If taken in isolation; it seems to refer to instructions for some kind of meditation, or meditative prayer.
It contains two aspects: be still surely refers to what we need to do. Presumably we should cease to move physically, and stand, sit or lie still.
But implicitly we should also still our minds - that is, cease to be distracted both by external 'inputs' and by internal 'chatter' of the associative chit-chat of memories, speculations and day-dreams.
But and know that I am God - might imply two almost opposite things:
It might mean that when you are still you will attune-with the stillness of God - and therefore achieve some awareness of a divine state that is unchanging, timeless, peaceful.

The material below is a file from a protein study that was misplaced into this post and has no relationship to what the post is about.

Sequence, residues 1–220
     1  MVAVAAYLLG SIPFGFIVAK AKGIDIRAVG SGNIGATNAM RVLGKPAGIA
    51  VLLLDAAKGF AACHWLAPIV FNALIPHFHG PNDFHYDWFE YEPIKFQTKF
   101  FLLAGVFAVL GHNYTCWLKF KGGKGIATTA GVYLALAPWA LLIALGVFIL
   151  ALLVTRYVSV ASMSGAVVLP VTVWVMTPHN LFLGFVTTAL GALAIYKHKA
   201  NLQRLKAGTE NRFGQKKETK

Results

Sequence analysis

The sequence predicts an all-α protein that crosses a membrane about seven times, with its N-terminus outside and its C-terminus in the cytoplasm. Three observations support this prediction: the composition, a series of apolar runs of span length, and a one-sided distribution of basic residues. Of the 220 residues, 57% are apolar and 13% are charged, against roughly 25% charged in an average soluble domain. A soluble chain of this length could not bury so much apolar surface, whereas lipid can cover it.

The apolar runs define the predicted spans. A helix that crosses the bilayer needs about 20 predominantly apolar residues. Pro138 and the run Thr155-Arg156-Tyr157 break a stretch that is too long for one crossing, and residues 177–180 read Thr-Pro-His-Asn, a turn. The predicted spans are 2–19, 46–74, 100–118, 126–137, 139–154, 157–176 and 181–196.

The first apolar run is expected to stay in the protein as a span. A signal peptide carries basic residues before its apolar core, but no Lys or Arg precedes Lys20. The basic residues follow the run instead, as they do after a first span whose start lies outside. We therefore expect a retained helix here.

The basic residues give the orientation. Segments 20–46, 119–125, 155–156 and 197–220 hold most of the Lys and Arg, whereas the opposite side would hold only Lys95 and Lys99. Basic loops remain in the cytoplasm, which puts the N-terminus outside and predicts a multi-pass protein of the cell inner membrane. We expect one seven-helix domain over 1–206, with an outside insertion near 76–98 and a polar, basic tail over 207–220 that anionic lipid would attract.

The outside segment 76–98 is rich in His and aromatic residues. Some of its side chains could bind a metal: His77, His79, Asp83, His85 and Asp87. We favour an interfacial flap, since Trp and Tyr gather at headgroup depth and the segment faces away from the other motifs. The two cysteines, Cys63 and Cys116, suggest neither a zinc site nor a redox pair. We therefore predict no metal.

Reality is still - and if we are also still, we might experience reality.
So, by our stillness we can know the stillness that is God.
But I understand the phrase to mean something very different indeed: that when we are still, we can know the presence of God as a living, changing, active Being: a person with us
It is our stillness that allows us to become aware of God's moment-by-moment creating of the world, of reality. It is this contrast, not a similarity; which enables us to experience the presence of God.
We may briefly become still - but God is never still.
Thus, by our stillness we can know (by experience) the dynamic, living consciousness of God; God in our presence here-and-now.